Tweens are the first to tell you they have it rough. Amid the temper tantrums and eye rolling, they're straddling childhood and adolescence. But in the face of all its ensuing challenges, it's a transition where adults largely close their eyes and hold their breath until it passes. Basically created for product marketing, even the label tween, meaning roughly 10- to 12-year-olds, suggests something's coming and kids have to get ready. "It creates anxiety," says Amy Frisch, a psychotherapist with offices in New Paltz and Montgomery. "If you're not ready in the pace of our culture, there's judgment around that." There are endless investigations about the teen years, but at its brink, all we have to say is, "Watch out!" Three local programs are geared toward the real, developmental needs of our tweens.
A secret adorned the back of the T-shirt. The circle of eight 12-year-old girls were a few weeks into a 10-week support group. Each week had a theme (for example, healthy communication, relationships with parents, and school transitions), and the T-shirts were an exercise. On the front, the girls depicted something that they show readily to the world; on the back, they revealed something they usually kept hidden. That's when one girl confessed that she kept her Polly Pockets dolls hidden under her bed. She didn't always play with them, but she liked to have them there. "It was an incredible moment," says Frisch, the group's facilitator. "They're afraid of getting older. They're moving too quickly into the adolescent world and feeling pressure. Then there's this tender moment where the girls could say, 'I just want to be seven again.'"
Most endocrinologists agree that the onset of puberty, which is still wholly individual, is generally happening earlier. And with that comes increased hormonal activity at a time when kids aren't mature enough to handle it. It can be painful for parents when kids need space and aren't able to communicate that politely. "The call of adolescence is to leave childhood behind," says Frisch. With that, comes the desire to give up parents, too. But Frisch notices that parents also get tripped up in that belief, usually because they're tired at that point in their parenting from giving so much already. We nudge tweens to place more importance on their friendships than their family relationships, essentially using their rawness as an excuse to push them away. "It comes down to parenting—the limits set and how far they're allowed to explore," Frisch says.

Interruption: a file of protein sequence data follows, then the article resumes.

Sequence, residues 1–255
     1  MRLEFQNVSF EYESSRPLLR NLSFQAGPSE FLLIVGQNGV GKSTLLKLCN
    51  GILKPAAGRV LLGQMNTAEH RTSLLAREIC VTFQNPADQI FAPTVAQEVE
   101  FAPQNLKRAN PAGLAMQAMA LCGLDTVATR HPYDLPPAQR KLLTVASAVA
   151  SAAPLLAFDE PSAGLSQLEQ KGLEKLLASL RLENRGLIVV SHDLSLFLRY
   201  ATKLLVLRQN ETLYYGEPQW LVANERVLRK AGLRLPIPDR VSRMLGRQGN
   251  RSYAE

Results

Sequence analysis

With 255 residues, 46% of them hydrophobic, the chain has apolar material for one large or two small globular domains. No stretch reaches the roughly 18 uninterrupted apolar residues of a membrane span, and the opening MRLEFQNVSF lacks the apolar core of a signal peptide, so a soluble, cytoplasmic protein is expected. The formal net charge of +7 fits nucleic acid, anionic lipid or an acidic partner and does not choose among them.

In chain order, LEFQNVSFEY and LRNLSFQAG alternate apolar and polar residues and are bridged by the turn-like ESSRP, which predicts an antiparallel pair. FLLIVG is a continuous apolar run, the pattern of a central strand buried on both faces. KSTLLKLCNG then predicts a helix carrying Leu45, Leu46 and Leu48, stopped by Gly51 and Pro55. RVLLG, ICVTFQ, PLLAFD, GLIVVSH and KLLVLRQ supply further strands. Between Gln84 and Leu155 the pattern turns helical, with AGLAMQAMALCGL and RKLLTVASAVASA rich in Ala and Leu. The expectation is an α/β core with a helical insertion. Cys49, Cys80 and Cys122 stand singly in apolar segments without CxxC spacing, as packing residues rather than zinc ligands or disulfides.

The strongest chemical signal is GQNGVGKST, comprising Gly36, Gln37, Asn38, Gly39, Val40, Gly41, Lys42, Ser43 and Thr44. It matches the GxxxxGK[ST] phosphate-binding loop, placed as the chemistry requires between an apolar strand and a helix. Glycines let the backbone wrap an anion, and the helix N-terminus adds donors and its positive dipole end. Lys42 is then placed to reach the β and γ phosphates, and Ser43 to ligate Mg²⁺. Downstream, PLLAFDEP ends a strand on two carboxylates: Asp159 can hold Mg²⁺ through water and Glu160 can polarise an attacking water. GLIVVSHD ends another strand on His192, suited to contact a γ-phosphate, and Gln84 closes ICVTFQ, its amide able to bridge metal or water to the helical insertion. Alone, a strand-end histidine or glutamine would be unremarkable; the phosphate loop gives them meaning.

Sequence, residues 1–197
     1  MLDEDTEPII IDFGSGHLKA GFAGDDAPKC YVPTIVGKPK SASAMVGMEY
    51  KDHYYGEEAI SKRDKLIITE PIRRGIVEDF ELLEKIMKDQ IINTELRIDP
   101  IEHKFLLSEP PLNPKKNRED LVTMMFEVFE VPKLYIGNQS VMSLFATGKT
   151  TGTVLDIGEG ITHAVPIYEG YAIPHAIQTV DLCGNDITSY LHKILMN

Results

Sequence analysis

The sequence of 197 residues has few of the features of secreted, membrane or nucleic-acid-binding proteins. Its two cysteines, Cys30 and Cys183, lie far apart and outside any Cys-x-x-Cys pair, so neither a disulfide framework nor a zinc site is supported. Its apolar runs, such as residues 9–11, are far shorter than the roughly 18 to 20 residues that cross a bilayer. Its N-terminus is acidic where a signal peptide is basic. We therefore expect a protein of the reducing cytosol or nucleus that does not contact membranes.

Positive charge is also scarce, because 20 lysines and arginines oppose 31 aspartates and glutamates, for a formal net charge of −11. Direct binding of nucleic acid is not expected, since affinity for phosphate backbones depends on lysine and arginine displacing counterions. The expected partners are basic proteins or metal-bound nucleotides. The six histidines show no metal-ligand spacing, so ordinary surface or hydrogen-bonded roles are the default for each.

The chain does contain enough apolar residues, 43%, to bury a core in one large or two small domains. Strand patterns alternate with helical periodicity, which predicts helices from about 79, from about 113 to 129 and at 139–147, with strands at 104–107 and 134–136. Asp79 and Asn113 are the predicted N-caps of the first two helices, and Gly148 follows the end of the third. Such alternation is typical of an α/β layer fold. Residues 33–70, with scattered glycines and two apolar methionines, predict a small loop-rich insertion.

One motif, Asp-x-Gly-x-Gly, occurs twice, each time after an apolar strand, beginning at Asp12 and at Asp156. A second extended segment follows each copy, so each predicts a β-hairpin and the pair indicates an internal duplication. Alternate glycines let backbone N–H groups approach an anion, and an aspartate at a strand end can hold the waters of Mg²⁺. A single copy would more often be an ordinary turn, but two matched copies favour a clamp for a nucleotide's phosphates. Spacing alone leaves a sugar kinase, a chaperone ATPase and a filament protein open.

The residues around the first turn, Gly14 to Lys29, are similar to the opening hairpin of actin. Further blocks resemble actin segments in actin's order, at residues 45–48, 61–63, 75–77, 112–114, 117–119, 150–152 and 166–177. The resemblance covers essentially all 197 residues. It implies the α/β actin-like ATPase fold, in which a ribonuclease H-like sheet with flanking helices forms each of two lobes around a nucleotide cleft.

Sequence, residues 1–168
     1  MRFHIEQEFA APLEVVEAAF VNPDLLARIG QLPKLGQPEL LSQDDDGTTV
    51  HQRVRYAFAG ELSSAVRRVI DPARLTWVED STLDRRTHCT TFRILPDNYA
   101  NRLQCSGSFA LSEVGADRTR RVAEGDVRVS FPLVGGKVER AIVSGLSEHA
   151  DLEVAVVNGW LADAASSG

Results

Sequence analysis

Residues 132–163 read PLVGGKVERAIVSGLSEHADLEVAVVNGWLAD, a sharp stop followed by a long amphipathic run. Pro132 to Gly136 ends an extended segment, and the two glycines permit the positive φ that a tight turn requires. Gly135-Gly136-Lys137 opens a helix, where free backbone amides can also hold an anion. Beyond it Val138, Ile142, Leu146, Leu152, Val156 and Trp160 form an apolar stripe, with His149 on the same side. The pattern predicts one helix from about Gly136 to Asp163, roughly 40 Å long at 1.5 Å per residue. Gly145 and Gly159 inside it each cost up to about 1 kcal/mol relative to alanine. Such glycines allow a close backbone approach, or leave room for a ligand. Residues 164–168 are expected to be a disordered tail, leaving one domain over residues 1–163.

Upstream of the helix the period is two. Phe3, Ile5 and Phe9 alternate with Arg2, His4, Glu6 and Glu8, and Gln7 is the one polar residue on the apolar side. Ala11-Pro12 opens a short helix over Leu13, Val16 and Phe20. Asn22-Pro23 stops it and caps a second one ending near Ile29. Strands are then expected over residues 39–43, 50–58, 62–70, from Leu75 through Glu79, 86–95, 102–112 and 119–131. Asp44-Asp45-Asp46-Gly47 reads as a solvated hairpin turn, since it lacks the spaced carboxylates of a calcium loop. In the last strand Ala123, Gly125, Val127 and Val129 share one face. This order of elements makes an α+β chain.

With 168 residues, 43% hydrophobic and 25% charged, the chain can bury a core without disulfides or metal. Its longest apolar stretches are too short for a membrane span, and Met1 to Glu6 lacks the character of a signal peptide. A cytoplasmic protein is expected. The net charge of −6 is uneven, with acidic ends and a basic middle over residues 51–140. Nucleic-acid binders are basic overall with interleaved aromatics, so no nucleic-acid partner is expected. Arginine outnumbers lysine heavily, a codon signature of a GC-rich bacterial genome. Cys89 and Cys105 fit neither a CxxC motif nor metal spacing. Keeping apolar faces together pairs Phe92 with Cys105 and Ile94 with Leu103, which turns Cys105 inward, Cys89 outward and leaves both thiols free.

Because they develop at different rates, tweens often worry about how they're perceived. And Frisch feels those expectations start with adults. Adults joke about arranged marriages and feign disgust when tweens' personal hygiene and style fall outside of cultural norms. They're subtle cues, but kids seek them. "It's based on what adults allow kids to do. It's unspoken. But that's why that secret that was disclosed in my group was so golden. Even with mature kids, it's fun to play. And we don't value play for tweens in the same way." When 10- or 11-year-olds hit the toy store, they're offered movies, devices, and arts and crafts. There are a lot less manipulative toys developed for that age group. But play remains, as it did when they were little, an important activity for developing social skills, creative problem solving, focus, and an outlet for blowing off steam.
In her adolescent support groups, which create a safe community for peers to give and get support, Frisch helps the girls to slow down and play. "These are formative, critical years, and they need space and permission to just be girls." Frisch runs weekend retreats at a private residence in Montgomery each summer in early July. There's a labyrinth and a fire pit. They swim at midnight, play their music too loud, sleep in tents, and cook their own vegetarian meals. They try walking meditation, yoga, and expressive arts, like journaling, movement, and music, which allows them to articulate their innermost feelings. "Girls want to know that they're okay at their core, that they're loveable and worthy, that they fit in somewhere," Frisch says. "We all have emotional debt. We all have a story. The threads in those stories are similar, and that's what helps girls feel connected."
When one of her son's friends passed away, Catherine McNamara responded by creating a print magazine for the Hudson Valley where the content would be entirely provided by young people, ages 10 to 20. Her younger son photographs for it, and her older son writes a column of interviews with artists. What started three years ago with five printed pages and research hanging from a clothesline in her living room has grown to a quarterly print run of 7,000 and a small office in the center of Woodstock.